Home' HR Monthly : May 2015 Contents 22
FEATURE: CASUAL RACISM
the rising number of reported incidents may be that people are
becoming more comfortable about speaking up. But Markus
doesn’t support the notion that the situation has substantially
improved over the years.
“It’s difficult because you can’t ask when are we going to solve
this problem,” says Markus. “The answer is you’re not going to
solve it. A certain proportion of every population will be intolerant
towards people they perceive as different to themseves. It’s always
a work in progress.”
By the time someone approaches HR with a complaint, the event
has progressed past the informal stage where two employees can
deal with it on their own. The main thing is to validate concerns,
says Malcolm Fialho, senior diversity officer at the University of
Western Australia (UWA).
“A n HR professional can fall into the common ‘racial detour’
trap which avoids an honest, authentic conversation about race,”
“We tend to minimise it. ‘Oh, it’s not happening. [The offender]
is nasty to everyone in the workplace. It has nothing to do with
you personally.’ Or, ‘You’ve just got to toughen up and get rid of
the chip on your shoulder. Come on, it was only a joke.’”
It’s important that HR professionals listen, validate and be
comfortable with the grey space, says Fialho.
“I’m not saying race is always 100 per cent a factor when
someone is maltreated, but it’s simplistic to assume it has nothing
to do with it. Casual racism can exist somewhere in the middle.”
Even in those exchanges between peers where casual racism
occurs, most people have a hard time saying something in the
moment, says Winnifred Louis, associate professor of psychology
at the University of Queensland.
“It’s often those [missed] windows of opportunity where people
are frozen in shock and don’t know what to say,” she says. “People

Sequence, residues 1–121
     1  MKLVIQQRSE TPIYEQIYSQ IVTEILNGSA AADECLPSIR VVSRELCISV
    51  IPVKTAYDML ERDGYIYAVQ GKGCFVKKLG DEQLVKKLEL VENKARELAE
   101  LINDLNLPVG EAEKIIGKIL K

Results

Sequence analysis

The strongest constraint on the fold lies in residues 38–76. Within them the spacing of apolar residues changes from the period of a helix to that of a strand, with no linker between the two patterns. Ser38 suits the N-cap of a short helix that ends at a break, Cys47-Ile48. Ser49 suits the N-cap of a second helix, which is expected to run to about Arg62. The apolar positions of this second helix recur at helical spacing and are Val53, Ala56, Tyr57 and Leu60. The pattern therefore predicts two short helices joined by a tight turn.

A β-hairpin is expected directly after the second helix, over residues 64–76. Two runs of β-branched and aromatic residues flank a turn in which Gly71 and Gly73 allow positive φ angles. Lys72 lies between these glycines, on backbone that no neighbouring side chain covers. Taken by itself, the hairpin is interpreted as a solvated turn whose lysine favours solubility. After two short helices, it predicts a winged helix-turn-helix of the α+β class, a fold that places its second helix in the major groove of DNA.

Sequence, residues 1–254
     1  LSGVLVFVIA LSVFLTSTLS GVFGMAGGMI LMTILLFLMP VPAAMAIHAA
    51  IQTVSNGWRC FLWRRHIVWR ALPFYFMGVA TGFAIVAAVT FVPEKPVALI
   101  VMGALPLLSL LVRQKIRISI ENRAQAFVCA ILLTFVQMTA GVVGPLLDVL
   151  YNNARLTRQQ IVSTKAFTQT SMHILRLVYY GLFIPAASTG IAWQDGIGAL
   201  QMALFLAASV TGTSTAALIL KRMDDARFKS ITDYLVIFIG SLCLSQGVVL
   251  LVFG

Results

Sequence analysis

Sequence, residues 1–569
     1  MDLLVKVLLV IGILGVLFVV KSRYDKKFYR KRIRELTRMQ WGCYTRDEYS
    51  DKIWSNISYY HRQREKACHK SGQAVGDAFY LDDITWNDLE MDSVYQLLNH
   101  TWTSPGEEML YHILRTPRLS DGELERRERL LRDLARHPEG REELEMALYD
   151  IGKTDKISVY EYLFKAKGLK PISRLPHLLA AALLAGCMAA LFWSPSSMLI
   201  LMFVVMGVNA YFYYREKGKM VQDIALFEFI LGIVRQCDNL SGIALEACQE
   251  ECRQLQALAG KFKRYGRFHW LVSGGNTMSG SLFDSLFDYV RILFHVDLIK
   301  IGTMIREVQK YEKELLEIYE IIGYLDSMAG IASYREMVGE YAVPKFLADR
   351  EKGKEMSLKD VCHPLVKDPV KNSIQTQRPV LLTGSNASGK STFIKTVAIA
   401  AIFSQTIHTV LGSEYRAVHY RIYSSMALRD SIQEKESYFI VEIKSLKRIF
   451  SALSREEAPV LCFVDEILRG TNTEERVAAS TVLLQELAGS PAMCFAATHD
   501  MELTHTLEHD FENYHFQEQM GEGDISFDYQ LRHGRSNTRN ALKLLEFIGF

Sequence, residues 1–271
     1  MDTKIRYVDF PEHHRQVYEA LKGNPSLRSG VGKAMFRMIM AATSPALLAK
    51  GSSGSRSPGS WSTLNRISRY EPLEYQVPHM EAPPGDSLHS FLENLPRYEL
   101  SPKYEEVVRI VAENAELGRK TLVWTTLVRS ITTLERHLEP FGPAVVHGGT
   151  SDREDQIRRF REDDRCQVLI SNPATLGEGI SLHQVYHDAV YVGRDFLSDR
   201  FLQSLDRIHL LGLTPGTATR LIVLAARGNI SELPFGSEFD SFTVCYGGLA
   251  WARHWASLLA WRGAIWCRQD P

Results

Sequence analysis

are looking around at others to see if they are the one who is
supposed to react.
“For example, if a casually racist comment is made in a meeting
and an individual contests the racism, the whole room is paralysed
by an xiety at that moment. There’s a feeling of ‘Should I say
something in support, because it clearly was racist? But at the same
time, we need to fi nish this meeting because time is ticking away.’”
The AHRC and the University of Western Sydney’s Challenging
Racism Project strongly encourage a recipient of casual racism or a
bystander speaking out and taking a stand.
But Louis says it’s not always the easiest option, particularly in
an office situation. If a group member does speak out, there are
tensions and anxieties that can prevent a good resolution, such as
leaving the whistleblower open to retaliation.
Evidence suggests the best person to address the racist remark
is the senior ranking person in the room, she says. In terms of
respect, they are best placed to make an intervention, shape the
behaviour and uphold the company’s diversity culture.
“Often silence gives consent,” says Louis. “If the leader allows
casual racism to pass, it’s a signal that it may be acceptable.”
But when a manager or executive is responsible for the
comments, it can be doubly difficult to stand up to casual racism.
“That would be quite brave in a meeting because it would
“OFTEN SILENCE GIVES CONSENT. IF THE
LEADER ALLOWS CASUAL RACISM TO PASS, IT’S A
SIGNAL THAT IT MAY BE ACCEPTABLE.”
WINNIFRED LOUIS, ASSOCIATE PROFESSOR PSYCHOLOGY,
UNIVERSITY OF QUEENSLAND
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21/04/15 3:41 PM
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